Trichocyst phenotype transformation induced by macronuclear transplantation in Paramecium tetraurelia. Academic Article uri icon


  • A portion of the macronucleus of wild-type cells of Paramecium tetraurelia was removed and was injected into cells homozygous for the ftA mutation. The ftA mutants make defective trichocysts and are unable to perform normal trichocyst exocytosis. After injection, approx. 30% of the surviving cells show a phenotype shift from mutant to wild-type. This shift is stable during subsequent vegetative growth until clonal death. If, however, the hybrid cell lines are brought to autogamy (which discards the existing macronucleus and forms a new one from sexual products derived from a micronucleus), then the lines revert to the ftA phenotype. Since micronuclei were not transplanted, the phenotypic reversion after autogamy is to be expected, and demonstrates that the transformation affects the macronucleus only. A second series of injections involved transfer of a portion of the macronucleus from cells homozygous for the trichocyst ptA mutation into ftA host cells. These two mutations are genetically complementary, so the injection should be genetically equivalent to forming a double heterozygote. Approx. 20% of the injection survivors shift to wild-type. This shift is also vegetatively stable unless autogamy occurs; after autogamy, reversion to the ftA phenotype is seen. These results show that a portion of a macronucleus can be successfully transplanted from one cell to another and that, in the host cytoplasmic environment, normal gene expression and replication of a transplanted macronucleus does occur. The technique of macronuclear transplantation is significant to studies of the macronuclear contribution to clonal aging, and to studies on genetic control over trichocyst development.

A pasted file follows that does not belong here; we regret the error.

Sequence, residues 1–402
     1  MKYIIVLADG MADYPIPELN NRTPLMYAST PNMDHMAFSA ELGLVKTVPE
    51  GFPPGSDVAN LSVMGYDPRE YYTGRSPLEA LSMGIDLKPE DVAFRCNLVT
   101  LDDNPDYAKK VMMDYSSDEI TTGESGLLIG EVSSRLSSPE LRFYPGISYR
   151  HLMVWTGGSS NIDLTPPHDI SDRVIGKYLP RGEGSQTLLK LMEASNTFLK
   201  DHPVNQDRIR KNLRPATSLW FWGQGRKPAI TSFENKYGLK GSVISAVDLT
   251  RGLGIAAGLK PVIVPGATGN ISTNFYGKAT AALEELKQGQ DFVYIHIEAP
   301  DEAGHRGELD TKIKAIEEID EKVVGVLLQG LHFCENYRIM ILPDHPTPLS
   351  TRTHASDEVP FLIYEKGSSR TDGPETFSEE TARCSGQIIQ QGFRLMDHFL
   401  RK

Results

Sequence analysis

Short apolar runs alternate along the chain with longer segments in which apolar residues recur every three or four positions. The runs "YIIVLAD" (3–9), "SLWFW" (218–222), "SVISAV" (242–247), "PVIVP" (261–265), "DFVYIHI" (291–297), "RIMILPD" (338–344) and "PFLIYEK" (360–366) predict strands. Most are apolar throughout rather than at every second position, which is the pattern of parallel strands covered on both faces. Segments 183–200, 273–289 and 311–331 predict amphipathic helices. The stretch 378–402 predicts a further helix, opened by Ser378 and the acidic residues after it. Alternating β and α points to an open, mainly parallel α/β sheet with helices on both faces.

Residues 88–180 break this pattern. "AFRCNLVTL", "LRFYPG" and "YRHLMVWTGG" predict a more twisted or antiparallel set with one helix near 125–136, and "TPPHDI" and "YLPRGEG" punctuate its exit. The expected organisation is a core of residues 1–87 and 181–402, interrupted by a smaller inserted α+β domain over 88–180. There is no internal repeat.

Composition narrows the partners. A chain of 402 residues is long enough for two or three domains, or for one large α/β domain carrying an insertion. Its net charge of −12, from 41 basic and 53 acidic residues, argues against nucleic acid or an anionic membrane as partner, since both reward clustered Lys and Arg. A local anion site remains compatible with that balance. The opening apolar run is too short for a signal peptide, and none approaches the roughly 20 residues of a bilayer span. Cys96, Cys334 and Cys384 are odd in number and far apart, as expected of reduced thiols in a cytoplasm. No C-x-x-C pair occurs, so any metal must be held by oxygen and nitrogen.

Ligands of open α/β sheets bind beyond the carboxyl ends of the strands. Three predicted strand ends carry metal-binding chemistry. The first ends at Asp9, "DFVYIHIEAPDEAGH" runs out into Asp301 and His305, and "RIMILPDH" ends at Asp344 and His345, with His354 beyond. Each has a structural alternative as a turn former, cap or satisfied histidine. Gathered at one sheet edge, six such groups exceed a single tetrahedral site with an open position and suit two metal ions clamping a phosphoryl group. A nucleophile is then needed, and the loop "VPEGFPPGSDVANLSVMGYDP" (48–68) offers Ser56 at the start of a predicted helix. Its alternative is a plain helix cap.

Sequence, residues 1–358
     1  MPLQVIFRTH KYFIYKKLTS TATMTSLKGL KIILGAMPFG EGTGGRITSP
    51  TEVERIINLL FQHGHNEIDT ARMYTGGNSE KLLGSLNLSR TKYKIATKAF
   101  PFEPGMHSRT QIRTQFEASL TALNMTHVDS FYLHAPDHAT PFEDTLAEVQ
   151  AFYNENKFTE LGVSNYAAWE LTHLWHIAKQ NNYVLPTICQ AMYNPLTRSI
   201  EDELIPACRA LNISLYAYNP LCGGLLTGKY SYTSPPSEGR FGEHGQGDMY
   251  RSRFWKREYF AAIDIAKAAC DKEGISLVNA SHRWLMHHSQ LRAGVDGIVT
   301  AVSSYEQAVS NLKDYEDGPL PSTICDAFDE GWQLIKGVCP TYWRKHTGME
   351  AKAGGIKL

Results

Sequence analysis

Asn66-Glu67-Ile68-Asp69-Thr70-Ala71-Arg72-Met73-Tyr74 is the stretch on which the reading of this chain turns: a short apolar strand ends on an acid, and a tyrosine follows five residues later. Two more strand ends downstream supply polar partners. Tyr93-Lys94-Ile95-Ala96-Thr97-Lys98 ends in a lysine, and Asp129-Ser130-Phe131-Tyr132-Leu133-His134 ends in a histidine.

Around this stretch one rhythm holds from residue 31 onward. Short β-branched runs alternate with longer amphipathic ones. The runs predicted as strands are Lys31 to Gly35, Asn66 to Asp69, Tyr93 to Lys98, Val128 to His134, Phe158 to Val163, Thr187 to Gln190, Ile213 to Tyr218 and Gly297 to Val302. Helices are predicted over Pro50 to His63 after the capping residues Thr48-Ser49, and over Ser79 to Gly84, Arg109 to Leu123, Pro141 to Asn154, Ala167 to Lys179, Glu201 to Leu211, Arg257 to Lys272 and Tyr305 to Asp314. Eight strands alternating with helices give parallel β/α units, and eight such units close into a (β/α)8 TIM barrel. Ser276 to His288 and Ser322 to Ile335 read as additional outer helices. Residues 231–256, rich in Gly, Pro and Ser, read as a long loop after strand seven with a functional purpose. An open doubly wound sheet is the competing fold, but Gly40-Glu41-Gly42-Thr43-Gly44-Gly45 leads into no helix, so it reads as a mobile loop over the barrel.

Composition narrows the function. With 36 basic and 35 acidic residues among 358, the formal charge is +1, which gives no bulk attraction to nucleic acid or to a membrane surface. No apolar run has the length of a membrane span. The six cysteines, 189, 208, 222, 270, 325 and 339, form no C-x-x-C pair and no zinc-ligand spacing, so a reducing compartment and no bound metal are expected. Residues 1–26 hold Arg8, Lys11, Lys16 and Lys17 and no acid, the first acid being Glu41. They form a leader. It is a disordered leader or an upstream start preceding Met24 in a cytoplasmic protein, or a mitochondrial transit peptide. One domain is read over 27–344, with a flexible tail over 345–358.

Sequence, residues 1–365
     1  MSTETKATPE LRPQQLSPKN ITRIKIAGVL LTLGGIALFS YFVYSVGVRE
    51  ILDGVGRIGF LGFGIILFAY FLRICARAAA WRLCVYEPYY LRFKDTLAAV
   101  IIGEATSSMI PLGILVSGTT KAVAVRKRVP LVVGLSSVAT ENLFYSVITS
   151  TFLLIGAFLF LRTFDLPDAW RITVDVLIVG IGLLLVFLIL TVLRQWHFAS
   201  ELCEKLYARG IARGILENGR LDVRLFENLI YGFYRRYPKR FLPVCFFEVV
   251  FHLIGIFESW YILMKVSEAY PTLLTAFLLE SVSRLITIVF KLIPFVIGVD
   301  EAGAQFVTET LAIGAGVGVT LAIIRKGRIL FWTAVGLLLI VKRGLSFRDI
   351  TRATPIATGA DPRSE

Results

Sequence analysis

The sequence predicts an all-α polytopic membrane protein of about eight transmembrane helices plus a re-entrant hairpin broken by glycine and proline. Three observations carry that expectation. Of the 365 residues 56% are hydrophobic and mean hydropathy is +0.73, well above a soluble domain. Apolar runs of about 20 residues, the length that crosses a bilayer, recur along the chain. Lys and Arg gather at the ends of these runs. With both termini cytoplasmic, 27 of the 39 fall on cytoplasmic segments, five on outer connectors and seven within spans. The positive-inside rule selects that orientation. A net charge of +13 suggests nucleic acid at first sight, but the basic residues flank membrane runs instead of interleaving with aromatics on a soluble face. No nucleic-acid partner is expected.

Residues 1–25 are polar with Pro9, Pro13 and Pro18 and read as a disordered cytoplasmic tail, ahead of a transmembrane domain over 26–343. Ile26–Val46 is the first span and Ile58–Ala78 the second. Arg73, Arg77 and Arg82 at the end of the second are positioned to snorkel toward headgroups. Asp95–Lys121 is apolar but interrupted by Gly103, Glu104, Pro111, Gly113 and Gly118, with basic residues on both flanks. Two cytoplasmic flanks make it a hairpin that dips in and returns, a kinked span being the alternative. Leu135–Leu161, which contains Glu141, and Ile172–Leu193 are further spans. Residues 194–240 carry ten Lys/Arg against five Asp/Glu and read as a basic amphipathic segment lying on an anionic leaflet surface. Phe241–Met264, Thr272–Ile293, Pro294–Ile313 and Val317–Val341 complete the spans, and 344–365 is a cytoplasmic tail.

published proceedings

  • Exp Cell Res

author list (cited authors)

  • Aufderheide, K. J.

citation count

  • 5

complete list of authors

  • Aufderheide, KJ

publication date

  • January 1985